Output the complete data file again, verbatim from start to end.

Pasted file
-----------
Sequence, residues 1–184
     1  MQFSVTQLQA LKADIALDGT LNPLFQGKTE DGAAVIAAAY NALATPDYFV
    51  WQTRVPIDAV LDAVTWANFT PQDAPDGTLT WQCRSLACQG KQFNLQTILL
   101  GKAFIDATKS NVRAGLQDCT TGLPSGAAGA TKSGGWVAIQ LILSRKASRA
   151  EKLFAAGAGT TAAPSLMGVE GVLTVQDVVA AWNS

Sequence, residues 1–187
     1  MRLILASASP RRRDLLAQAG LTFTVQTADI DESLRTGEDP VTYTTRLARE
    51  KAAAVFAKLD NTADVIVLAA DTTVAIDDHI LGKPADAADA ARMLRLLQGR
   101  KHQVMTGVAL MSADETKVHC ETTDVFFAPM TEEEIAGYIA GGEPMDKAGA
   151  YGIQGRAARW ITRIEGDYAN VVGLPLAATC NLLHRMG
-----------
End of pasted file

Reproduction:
Sequence, residues 1–184
     1  MQFSVTQLQA LKADIALDGT LNPLFQGKTE DGAAVIAAAY NALATPDYFV
    51  WQTRVPIDAV LDAVTWANFT PQDAPDGTLT WQCRSLACQG KQFNLQTILL
   101  GKAFIDATKS NVRAGLQDCT TGLPSGAAGA TKSGGWVAIQ LILSRKASRA
   151  EKLFAAGAGT TAAPSLMGVE GVLTVQDVVA AWNS

Sequence, residues 1–187
     1  MRLILASASP RRRDLLAQAG LTFTVQTADI DESLRTGEDP VTYTTRLARE
    51  KAAAVFAKLD NTADVIVLAA DTTVAIDDHI LGKPADAADA ARMLRLLQGR
   101  KHQVMTGVAL MSADETKVHC ETTDVFFAPM TEEEIAGYIA GGEPMDKAGA
   151  YGIQGRAARW ITRIEGDYAN VVGLPLAATC NLLHRMG